Sunday, December 30, 2007

5 Months

Another month has passed. Soon Owen will have been gone longer than he was with me. Now, if that's not a dubious milestone I don't know what is.

As I've mentioned before, I've been working really hard to deal with what is and not what might have been, but in moments like these I can't help but dream of the family we might have had...........

Monday, December 24, 2007


Since Owen died, I've found that my wishes are simpler. Instead of grand plans for the future, I just want to get through the day complete- or complete enough. I don't always wish for perfection or even happiness, just survival. It's something that has made me very sad. I really don't want to just survive. I want to glory in my life. But I am afraid. Do you think one can make a conscious decision to be hopeful again? To dream big while knowing that the worst can happen to you? I'm not exactly sure where I'm going with this, but during this holiday season, I've found myself coming back to the same phrase, time and time again. A friend wrote to me that she wished for me to find "the peace that passes all understanding." It has stuck with me. I think that's really what I need. Peace even when there should be none. Hope when it doesn't make sense to be hopeful. Joy in the midst of sorrow. I wish that for all of us this holiday season.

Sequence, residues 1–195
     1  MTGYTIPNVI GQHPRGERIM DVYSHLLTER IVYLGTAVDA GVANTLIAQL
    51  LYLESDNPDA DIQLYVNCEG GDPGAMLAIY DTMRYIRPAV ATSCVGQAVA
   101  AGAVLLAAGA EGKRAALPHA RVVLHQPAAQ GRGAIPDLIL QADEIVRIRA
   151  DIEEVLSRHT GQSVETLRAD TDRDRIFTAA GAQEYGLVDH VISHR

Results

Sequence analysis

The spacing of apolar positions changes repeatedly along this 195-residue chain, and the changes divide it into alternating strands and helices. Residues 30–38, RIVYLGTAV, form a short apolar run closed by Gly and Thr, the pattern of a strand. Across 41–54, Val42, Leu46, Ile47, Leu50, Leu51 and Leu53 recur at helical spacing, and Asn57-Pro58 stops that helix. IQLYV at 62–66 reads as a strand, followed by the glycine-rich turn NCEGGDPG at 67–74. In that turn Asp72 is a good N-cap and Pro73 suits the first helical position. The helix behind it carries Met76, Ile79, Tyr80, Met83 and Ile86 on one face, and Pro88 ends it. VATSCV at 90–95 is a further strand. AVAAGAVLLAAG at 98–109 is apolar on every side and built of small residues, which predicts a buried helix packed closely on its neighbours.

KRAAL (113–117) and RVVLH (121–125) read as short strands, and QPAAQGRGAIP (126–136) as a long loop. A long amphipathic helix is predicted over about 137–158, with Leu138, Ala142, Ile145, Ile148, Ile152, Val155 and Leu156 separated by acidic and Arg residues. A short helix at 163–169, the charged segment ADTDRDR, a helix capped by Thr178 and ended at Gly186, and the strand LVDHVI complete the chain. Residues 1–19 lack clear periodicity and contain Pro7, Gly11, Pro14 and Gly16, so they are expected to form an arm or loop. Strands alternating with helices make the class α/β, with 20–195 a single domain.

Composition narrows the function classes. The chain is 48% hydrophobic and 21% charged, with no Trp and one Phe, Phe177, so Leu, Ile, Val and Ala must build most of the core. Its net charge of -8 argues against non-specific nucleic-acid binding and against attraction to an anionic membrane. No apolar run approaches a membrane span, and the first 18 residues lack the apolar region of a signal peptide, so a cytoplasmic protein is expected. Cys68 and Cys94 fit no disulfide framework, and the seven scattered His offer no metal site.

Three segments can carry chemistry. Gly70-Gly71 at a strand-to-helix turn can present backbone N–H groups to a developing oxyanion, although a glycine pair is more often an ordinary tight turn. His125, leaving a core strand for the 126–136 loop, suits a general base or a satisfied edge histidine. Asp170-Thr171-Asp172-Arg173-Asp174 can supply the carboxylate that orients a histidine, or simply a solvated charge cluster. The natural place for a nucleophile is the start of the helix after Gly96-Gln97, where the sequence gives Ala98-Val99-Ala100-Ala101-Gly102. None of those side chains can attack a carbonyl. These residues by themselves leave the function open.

Tuesday, December 18, 2007

* That Story

In my post 'The Other Side' , I mentioned a story that Dr. M told at Owen's burial that I truly believe helped me survive that awful day. I want to share it with you, but first I need to give you some background. My mom passed away in February 2006 after a brief and awful illness. She started not feeling well around Christmas, was diagnosed with cholan*giocarcinoma in January, and was gone by the end of February. In two short months, she went from being this amazing, caring, full of life woman to someone who could not walk from her bed to the bathroom reliably. My father cared for her until the very end and she died in his arms. She died the day before I was coming to help Daddy take care of her. I think that was on purpose. I don't think she wanted me to have to care for her, she wanted to be taking care of me. My mom was, at the risk of bragging, everything one could ask for in a mother. She loved us unconditionally and with her whole heart, and we knew it. Needless to say her death was the worst thing I had ever experienced. Until I lost Owen.